At the Coalface: Work, Community and Climate Change

At the Coalface: Work, Community and Climate Change

This report is an analysis of the industrial profiles of Mackay, Central Queensland and the Hunter Valley, by economist Shirley Jackson. It reveals that forcing workers in the coal mining sector out of their jobs, without ensuring alternative employment with similar wages and benefits, would have devastating consequences for those local economies.

If coal mining were shut down now without managing industrial change effectively, over $66million in weekly wages would be taken out of three communities in regional Australia. This equates to an economic loss of almost $3.45billion annually.

There is no doubt that the era of fossil fuel dependence is coming to an end, and the imperative for Australia to invest in renewable energy technology is urgent.

Yet, too often, important conversations about the need for a responsible approach to industrial change are misrepresented as pro-coal sentiment.

The industrial change from fossil fuel to renewable energy that is needed to address climate change will be felt intensely and personally by people in regional coal mining communities. While there are some who would use their plight for political point scoring, these are real people who deserve better.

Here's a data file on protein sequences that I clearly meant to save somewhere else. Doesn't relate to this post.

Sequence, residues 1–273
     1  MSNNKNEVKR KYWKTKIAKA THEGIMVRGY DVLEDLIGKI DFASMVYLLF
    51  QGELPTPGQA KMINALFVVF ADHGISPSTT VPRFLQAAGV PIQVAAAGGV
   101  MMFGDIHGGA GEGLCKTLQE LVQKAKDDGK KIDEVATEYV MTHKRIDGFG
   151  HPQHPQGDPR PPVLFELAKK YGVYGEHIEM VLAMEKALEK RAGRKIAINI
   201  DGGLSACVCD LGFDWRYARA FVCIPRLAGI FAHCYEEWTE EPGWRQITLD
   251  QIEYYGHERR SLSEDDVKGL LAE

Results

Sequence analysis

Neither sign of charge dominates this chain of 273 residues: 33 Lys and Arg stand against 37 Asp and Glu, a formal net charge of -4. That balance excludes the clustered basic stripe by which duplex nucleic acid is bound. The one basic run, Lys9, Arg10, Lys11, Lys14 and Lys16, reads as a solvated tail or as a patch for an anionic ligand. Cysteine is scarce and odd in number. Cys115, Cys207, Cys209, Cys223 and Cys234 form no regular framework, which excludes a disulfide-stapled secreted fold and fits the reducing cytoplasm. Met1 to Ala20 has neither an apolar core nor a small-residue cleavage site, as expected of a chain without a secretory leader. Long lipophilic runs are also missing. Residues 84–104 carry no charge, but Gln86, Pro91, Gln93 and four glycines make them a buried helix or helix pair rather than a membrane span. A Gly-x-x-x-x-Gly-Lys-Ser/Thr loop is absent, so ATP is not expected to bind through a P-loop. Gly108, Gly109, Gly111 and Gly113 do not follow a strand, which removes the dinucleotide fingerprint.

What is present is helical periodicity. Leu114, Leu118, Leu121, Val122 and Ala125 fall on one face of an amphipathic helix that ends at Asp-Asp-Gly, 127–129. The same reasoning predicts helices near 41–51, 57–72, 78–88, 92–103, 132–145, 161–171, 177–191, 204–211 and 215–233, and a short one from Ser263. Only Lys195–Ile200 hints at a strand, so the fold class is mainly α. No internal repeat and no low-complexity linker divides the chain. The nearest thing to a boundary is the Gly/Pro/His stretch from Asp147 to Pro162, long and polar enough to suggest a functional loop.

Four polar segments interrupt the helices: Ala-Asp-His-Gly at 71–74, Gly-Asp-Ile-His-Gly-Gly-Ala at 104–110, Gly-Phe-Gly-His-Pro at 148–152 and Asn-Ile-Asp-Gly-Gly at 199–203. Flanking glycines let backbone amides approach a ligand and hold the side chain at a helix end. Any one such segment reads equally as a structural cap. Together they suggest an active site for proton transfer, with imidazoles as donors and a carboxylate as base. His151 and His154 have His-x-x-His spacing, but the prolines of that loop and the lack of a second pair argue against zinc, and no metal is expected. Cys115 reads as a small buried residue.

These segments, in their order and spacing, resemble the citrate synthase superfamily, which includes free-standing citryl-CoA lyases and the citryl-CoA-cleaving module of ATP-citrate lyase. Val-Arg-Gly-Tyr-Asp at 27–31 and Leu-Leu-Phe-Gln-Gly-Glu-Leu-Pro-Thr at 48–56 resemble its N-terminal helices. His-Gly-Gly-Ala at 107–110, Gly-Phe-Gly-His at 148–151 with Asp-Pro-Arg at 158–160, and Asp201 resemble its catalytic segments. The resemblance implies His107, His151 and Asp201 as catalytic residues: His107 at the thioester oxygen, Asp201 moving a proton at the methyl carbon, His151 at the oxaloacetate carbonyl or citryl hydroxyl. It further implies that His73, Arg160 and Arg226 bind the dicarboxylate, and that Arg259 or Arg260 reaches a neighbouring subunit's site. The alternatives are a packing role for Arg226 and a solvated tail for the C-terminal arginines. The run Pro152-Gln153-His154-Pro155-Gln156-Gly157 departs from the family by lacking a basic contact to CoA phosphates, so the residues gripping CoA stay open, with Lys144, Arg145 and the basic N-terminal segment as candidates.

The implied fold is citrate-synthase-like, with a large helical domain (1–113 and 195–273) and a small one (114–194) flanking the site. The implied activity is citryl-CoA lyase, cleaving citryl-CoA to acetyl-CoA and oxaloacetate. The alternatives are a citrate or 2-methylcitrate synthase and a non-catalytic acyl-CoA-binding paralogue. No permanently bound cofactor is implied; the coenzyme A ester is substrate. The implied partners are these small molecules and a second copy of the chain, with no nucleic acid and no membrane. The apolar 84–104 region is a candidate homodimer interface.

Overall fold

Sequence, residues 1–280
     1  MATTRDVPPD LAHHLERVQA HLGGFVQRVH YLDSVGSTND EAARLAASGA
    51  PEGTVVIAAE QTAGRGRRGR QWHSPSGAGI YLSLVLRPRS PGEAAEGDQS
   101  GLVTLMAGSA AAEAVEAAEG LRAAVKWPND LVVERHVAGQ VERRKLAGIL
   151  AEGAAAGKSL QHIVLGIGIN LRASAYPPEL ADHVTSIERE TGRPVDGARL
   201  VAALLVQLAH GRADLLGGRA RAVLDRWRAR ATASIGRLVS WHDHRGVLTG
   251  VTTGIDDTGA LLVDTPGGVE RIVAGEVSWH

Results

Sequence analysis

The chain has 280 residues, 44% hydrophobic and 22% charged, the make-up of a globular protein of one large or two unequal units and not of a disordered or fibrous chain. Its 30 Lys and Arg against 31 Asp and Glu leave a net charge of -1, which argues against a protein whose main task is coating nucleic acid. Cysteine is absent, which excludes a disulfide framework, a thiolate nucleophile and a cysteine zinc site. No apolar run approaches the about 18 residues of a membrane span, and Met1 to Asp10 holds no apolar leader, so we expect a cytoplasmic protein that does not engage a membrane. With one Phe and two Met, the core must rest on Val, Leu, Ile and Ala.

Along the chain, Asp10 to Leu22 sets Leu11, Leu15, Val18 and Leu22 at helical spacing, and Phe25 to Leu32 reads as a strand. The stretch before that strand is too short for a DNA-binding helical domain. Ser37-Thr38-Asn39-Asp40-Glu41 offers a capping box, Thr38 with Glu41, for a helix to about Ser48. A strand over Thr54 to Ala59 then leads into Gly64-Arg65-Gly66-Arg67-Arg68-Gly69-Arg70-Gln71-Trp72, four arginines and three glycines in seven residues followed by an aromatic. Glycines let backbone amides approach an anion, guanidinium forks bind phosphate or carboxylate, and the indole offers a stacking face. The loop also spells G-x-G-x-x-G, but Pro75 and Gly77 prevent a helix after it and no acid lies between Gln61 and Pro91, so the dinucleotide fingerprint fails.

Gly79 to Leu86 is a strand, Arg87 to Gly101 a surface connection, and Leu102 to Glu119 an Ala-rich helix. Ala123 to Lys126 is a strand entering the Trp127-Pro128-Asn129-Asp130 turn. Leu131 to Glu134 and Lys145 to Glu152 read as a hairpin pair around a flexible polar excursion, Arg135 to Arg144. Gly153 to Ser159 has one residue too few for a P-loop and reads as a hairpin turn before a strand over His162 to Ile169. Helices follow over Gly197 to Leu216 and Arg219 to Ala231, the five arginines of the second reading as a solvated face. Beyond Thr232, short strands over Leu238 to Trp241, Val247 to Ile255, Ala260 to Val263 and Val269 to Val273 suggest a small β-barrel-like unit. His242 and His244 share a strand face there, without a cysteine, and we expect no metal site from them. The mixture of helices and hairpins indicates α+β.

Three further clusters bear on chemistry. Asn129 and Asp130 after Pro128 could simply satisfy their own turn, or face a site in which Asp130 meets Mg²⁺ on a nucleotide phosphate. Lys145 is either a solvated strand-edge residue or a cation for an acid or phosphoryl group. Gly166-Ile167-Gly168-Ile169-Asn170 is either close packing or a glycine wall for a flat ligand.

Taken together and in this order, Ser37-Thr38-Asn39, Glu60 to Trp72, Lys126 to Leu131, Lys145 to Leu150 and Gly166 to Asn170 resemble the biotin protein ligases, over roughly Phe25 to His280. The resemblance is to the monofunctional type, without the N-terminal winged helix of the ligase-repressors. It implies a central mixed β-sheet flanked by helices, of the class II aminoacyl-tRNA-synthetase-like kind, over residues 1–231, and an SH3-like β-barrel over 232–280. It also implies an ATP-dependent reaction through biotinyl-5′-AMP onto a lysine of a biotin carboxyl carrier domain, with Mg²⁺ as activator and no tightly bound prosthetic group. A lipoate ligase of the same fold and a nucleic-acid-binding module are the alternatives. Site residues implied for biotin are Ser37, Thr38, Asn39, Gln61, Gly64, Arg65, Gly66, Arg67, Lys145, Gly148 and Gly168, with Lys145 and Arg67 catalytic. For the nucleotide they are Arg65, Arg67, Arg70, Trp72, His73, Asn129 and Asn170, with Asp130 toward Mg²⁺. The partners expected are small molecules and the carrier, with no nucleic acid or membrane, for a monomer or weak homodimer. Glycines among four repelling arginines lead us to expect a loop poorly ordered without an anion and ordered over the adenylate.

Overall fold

To pretend to workers in regional coal communities that their jobs will survive this industrial revolution, or that a national government acting in isolation can hold back the tide of change, is both irresponsible and cruel.

Yet to insist that the industrial activity that has provided work for generations in these regional centres must cease tomorrow, regardless of the consequences, is equally cruel, and arrogant.

The government must act to create new, reliable, well-paid jobs for regional workers. We need appropriate industry policies to guide economic development, skills and training opportunities for workers of all ages, and support for emerging industries to underpin the future economies of regional Australia.

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